Vision is an amazing thing. Add other senses and emotions to what the human eye is able to behold, and suddenly an impression is burned into the intangible canvas of our consciousness.
Last week, the United States Court of Appeals for the Second Circuit heard arguments on whether lawyers are allowed to bring whistleblower lawsuits against their employer and client (U.S. ex rel. Fair Laboratory Practices Associates vs. Quest Diagnostics Inc. et al.).
I just do not get it. I keep seeing and hearing stories about veterans who are not being hired. One woman spent a year in Iraq guarding high profile prisoners. She joined the National Guard at the age of 36 years old. Soon, she went on her first tour in Iraq. She was laid off from her bank job and could not find a new job.
Late last month — in a decision that seems to have been largely overlooked in the privacy trade press — a federal judge in Illinois held [PDF] that the Wiretap Act did not prohibit the interception of communications sent over unsecured Wi-Fi networks provided by hotels, restaurants, coffee shops and other commercial entities.
Christian Louboutin Scores Another Victory for Patent Holders in Red-Sole Trademark Case : LXBN Roundtable
As the verdict in Apple v. Samsung was being read, another similarly high-profile intellectual property case was winding down. Shortly after Apple’s victory over Samsung, Chrisitian Louboutin scored a big win, albeit with a few qualifications, over Yves Saint Laurent as the Second Circuit Court of Appeals upheld Louboutin’s lacquered red-sole trademark. While the Cupertino, California-based tech company may not have much in common with the Parisian shoe designer, they both find themselves the beneficiaries of the United States patent system.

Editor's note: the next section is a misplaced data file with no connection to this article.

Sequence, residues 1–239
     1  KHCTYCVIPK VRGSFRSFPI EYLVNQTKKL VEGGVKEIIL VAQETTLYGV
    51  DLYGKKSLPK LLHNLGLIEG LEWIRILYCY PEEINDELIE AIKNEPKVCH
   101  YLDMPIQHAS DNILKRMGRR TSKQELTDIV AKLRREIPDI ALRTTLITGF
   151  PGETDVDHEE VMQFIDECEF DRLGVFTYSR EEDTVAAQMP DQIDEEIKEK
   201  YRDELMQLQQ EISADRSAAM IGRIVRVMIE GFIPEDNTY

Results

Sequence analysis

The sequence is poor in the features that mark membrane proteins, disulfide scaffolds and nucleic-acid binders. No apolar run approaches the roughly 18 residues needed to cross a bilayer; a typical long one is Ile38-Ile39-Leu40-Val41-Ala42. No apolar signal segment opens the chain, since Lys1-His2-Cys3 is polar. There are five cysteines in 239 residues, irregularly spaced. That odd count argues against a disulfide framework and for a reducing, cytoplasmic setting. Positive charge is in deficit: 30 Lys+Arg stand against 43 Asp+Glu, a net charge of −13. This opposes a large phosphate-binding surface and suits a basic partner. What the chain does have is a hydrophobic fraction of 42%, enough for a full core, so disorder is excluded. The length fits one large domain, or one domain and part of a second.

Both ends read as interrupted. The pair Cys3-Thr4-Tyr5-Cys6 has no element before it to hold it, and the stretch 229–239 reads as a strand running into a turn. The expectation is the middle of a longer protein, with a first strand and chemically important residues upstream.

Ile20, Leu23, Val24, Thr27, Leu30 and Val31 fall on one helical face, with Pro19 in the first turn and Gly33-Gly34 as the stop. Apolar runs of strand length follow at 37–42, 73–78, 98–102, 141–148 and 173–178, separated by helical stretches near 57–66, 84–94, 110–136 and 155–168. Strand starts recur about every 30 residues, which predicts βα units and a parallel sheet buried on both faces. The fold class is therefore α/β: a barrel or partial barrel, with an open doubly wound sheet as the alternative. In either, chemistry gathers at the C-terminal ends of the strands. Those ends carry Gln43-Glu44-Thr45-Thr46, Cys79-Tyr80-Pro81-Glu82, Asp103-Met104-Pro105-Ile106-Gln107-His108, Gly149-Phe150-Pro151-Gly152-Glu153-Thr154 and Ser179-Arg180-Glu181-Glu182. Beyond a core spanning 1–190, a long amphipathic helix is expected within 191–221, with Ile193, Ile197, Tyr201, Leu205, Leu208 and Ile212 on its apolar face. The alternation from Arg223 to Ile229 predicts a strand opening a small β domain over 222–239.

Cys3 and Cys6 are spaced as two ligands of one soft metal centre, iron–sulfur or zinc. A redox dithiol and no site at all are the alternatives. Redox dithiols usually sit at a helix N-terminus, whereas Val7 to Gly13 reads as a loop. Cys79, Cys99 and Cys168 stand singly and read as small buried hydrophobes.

Just yesterday, an individual affiliated with social hacktivist group Anonymous took down a sizable chunk of the web by attacking GoDaddy and its servers. Millions of sites were left helpless as an individual known only by the alias Anonymous Own3r hit the domain host and registrar with a massive distributed denial of service attack. To discuss, we bring in Travis Crabtree, attorney with Looper Reed & McGraw and author of the eMedia Law Insider.
There is a fine line between a lawful promotion and illegal gambling. Sweepstakes are legal, while private lotteries are not. Paying entry fees for a skill contest can be legal (depending on the circumstances), while placing bets is generally not.
The amount of political rhetoric on Facebook is staggering. People are using Facebook to give you a “play-by-play” of what they think about the November presidential election.
Yesterday, the U.S. Chamber Institute for Legal Reform released its “2012 State Liability Systems Ranking Study,” which asked lawyers and senior executives at companies with over $100 million in annual revenues what they thought about being sued. That’s like asking Yankees fans what they think about the Red Sox.
And we’re back. A cool front actually reached Houston this weekend, and it was a reminder to look at the calendar. Summer vacations are over and it is time to buckle down. The Supreme Court of Texas has cinched up its tack and is saddling up for a full schedule of arguments.